Operators must check the propriety of material created by their generative AI services, according to new guidelines suggested by China’s internet authority
Generative AI products will also need to undergo a government security evaluation before being offered to the public
China’s internet watchdog has revealed a new set of draft guidelines targeting ChatGPT-like services, as governments across the globe attempt to reign in the fast growth of generative artificial intelligence (AI) capabilities.
Companies that offer generative AI services in China must take efforts to avoid discriminatory material, inaccurate information, and content that threatens personal privacy or intellectual property, according to the draft rule released by the Cyberspace Administration of China (CAC) on Tuesday.
Businesses should also make sure that their goods support Chinese communist principles, and should not create anything that promotes regime subversion, violence or pornography, or undermines economic or social order, the CAC stated.
All generative AI products need undergo a security evaluation by the CAC before serving the public, as required by a 2018 legislation regulating online information services that have the power to influence public opinion, the regulator said.
Generative AI – which develops unique material based on text, picture or audio cues – has gathered significant attention in China after Microsoft-backed US start-up OpenAI unveiled its conversational bot ChatGPT in November.
In China, where ChatGPT remains officially unavailable, indigenous businesses have been racing to build technology identical to ChatGPT.
They include online search operator Baidu, which introduced its Ernie Bot last month, and e-commerce behemoth Alibaba Group Holding, which is seeking to incorporate its Tongyi Qianwen into all of its products. AI startup SenseTime also introduced its next set of huge AI models termed SenseNova earlier this week.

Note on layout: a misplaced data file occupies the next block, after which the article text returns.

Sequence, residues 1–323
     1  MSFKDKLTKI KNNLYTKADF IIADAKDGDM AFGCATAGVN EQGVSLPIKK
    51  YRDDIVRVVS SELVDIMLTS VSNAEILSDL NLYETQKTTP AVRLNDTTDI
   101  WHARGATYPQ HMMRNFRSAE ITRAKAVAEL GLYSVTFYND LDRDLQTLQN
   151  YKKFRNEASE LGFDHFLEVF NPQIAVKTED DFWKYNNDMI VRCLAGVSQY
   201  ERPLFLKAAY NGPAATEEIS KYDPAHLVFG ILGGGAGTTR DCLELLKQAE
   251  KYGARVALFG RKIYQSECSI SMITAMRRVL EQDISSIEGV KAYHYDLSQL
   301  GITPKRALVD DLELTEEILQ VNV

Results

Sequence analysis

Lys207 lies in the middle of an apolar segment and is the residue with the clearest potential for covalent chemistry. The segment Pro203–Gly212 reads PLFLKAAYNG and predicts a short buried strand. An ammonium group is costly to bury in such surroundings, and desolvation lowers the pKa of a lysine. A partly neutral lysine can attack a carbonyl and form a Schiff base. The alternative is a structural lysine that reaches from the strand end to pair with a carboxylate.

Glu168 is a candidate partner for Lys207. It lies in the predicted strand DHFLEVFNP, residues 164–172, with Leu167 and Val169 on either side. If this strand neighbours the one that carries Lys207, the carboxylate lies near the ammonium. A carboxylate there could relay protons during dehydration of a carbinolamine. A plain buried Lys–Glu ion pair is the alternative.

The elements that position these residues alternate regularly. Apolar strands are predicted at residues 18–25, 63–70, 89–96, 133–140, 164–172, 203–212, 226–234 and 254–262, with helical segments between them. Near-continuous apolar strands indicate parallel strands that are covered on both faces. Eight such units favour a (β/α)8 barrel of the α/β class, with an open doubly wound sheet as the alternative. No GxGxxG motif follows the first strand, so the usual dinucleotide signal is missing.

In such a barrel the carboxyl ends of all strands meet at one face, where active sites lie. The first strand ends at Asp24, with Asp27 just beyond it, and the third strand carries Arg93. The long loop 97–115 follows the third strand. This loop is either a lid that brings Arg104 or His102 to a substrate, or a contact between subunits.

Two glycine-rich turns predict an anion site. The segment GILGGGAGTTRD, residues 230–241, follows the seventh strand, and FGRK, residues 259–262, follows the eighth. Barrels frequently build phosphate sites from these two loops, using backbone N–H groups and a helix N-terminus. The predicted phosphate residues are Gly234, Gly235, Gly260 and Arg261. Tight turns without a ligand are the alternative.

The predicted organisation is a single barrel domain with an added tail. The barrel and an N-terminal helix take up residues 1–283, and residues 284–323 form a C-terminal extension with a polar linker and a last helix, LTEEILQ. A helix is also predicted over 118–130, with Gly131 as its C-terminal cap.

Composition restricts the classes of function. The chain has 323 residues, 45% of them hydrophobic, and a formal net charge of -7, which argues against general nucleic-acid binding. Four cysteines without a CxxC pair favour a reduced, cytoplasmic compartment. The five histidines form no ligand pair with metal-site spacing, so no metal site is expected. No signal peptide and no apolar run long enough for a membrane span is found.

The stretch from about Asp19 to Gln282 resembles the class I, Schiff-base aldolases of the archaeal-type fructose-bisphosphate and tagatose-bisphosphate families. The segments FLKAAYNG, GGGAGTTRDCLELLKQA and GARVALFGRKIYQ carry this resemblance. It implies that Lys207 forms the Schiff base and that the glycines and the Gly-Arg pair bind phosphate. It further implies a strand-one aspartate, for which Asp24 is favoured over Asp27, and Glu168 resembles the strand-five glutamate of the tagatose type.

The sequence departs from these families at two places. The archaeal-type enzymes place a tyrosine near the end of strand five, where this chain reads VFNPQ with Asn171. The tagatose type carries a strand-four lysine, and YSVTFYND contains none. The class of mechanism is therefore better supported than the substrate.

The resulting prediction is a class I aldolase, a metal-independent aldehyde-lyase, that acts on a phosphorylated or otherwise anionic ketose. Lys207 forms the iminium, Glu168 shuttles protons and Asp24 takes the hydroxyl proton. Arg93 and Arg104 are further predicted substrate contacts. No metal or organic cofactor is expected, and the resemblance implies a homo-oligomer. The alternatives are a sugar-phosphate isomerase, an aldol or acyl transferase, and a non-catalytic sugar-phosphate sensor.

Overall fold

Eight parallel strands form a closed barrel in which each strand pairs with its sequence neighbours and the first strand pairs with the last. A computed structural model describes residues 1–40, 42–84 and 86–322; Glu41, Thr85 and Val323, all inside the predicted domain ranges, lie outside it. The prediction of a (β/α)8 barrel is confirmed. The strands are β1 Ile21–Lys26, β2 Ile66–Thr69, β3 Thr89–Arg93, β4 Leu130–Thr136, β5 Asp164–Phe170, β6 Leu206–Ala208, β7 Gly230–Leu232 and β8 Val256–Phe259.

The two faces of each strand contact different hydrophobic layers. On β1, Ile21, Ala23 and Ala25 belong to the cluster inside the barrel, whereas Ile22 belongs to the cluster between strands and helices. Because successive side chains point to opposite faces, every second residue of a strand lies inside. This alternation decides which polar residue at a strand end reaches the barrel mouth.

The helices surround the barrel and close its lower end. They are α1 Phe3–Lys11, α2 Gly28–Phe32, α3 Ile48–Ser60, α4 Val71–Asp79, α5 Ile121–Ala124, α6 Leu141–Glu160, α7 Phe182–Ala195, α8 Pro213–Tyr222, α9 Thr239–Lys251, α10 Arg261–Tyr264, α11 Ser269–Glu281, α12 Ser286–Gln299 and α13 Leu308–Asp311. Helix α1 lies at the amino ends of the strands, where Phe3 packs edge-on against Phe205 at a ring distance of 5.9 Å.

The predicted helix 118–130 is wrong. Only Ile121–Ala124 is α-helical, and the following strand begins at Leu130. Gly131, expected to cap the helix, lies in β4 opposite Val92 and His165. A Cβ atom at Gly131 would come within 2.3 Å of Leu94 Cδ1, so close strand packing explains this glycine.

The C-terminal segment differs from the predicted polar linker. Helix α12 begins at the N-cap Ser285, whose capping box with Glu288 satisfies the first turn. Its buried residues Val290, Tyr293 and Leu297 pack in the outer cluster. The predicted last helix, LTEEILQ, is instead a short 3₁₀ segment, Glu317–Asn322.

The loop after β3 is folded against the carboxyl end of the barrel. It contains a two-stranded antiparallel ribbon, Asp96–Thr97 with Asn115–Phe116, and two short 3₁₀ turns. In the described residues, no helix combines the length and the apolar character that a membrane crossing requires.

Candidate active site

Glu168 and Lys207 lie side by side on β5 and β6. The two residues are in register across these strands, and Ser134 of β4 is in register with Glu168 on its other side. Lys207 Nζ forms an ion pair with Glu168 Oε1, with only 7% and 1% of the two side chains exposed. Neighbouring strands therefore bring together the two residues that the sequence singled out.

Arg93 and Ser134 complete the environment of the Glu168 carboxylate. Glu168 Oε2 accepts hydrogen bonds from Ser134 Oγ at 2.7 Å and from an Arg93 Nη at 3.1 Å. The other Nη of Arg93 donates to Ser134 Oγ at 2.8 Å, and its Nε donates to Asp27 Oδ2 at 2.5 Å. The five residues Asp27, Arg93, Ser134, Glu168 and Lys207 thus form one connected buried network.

As interest in generative AI rises, however, Chinese authorities have cast a watchful eye on the threats presented by the quickly burgeoning field. State-run media have regularly warned of a “market bubble” and “excessive hype” around generative AI technologies, with one publication recently cautioning that ChatGPT may corrupt, rather than enhance users’ moral judgment.
On Monday, the Payment & Clearing Association of China, overseen by the country’s central bank, warned industry personnel to be careful of the hazards associated in utilizing ChatGPT-like technologies for work and to avoid posting personal and sensitive information to such sites.
Other nations are also exploring laws on generative AI.
The US commerce department on Tuesday started asking public opinions on how policymakers should tackle more advanced AI technologies, while Italy last month became the first Western jurisdiction to prohibit ChatGPT over privacy concerns.
The European Union meanwhile is contemplating the Artificial Intelligence Act, which was initially suggested in 2021 to restrict the usage of AI products according to their risk categories.
The EU framework, which adopts a different approach than the CAC’s proposed guidelines, is likely to impose “extremely onerous compliance burdens on companies”, said Angela Zhang, associate law professor at the University of Hong Kong.
Instead, China’s proposed rule focuses largely on content filtering, she added.
“These content requirements are not new to Chinese internet companies, so I don’t think the publication of these new rules will add too onerous a burden to Chinese companies,” Zhang added.
Still, several experts have pointed to censorship as a significant hurdle for Chinese entrepreneurs wanting to establish a viable alternative to ChatGPT.
“Excessive restrictions, content regulation, and censorship could hinder commercialisation and further innovation of such technologies,” Hanna Dohmen, a research analyst at Georgetown University’s Center for Security and Emerging Technology, warned in February.
The CAC is requesting comment on its proposed regulations through May 10.